At a particularly challenging time for the arts, it is more important than ever to promote aspiring artists, which is exactly what new art project Beyond Boundaries aims to do, writes Charles Harrison.
Tate Collective and Better Bankside are showcasing five new artworks by five emerging artists and they are being displayed in public spaces around Bankside.
Rachel Noel, convenor for young people’s programmes at Tate, said: “We hope these new works by incredible young artists can help people reconnect with each other and their communities.”
At just the right time to celebrate the easing of restrictions, the artists were asked to respond to the lockdown and its end.
The artworks are varied and often bold, colourful and full of joy.
They capture various aspects of lockdown with bursts of colour and text, encapsulating the stranger moments of the last year.
Better Bankside boss Nicole Gordon said: “These installations have been designed to encourage people to see spaces in new ways and inject a sense of optimism about the future.”
The artworks will be displayed for 12 months around Tate Modern and the Bankside neighbourhood, in Southwark Street, Gambia Street, St. Felix Place, Canvey Street and Great Suffolk Street.
The five artists, Koby Martin, Blk Moody Boi, Zeinab Saleh, Hannah Hill and Megan Visser, explored the theme from a variety of angles.
Introspective artist Koby Martin’s Spotlight Dreams draws from the history of performance, theatre and music in the area.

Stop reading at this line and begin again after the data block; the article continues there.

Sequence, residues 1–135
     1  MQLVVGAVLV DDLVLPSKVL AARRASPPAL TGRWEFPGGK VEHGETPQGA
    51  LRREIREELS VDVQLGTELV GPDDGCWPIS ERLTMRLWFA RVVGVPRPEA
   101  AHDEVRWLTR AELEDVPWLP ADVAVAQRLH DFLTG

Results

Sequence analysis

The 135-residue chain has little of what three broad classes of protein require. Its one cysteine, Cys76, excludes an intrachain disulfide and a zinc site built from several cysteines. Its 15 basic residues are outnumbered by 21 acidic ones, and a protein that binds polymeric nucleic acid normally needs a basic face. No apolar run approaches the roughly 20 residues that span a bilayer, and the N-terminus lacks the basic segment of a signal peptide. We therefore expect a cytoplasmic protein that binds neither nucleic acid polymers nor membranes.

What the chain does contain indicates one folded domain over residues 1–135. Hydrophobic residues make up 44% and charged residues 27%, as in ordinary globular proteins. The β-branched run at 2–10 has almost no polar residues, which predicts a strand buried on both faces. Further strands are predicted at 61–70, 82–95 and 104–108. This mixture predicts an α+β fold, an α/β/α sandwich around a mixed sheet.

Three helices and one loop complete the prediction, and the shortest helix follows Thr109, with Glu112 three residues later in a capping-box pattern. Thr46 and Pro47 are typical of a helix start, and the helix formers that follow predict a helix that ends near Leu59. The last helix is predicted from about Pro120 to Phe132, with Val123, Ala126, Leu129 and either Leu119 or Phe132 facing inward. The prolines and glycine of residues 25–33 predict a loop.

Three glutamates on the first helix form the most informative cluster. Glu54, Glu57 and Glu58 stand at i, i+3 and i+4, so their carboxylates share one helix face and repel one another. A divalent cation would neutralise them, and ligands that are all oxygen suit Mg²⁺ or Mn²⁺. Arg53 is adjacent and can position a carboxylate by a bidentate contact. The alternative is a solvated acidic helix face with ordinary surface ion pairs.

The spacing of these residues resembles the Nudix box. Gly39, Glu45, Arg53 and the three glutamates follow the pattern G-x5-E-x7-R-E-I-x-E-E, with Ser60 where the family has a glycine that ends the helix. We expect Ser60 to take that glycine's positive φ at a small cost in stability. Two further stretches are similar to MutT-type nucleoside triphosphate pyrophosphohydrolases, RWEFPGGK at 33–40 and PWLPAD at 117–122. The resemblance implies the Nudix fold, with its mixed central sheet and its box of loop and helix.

He uses the striking Ghanaian symbol, funtunfunefu denkyemfunefu or Siamese crocodile, to communicate the overarching theme of his work – unity.
Mr Martin said: “Art in any form has the ability to heal, restore, uplift and drive the spirits of us humans in many ways.”
“For me, the motive of being an artist has always been to give back.”
Meanwhile, co-founder of art collective Muslim Sisterhood Zeinab Saleh contributes her deeply personal approach with a piece that opens up a discussion on the role of music and creativity in daily life.
Her work connects songs which touch on moments of sadness, joy and happiness – continuing the theme throughout her work of connecting personal experience to the wider world.
A similar theme was explored by Megan Visser, who explored the ability of food to bring people together.
Her visually stunning artwork Gastro Gusto splays across the ground with a host of bright and striking colours, displaying parts of the body associated with the eating process, all while providing a real physical place for people to meet, eat, and reconnect.
The piece blurs together the biological and the social of the human experience – a perfect piece through which to explore the multitude of emotions as we recover from lockdown and look forward.
Each aspiring artist was paired with a mentor to guide them through the project.
Later in the summer, there will be a series of socially distanced activities that will bring together local youth groups for a live experience with the artworks.
The artworks will be displayed until May 26, 2022.
Main Pic: From left, Hannah Hill, Sharon Walters, Dreph, Koby Martin, Megan Visser, Julia Vogl Picture: Tate – Sam Day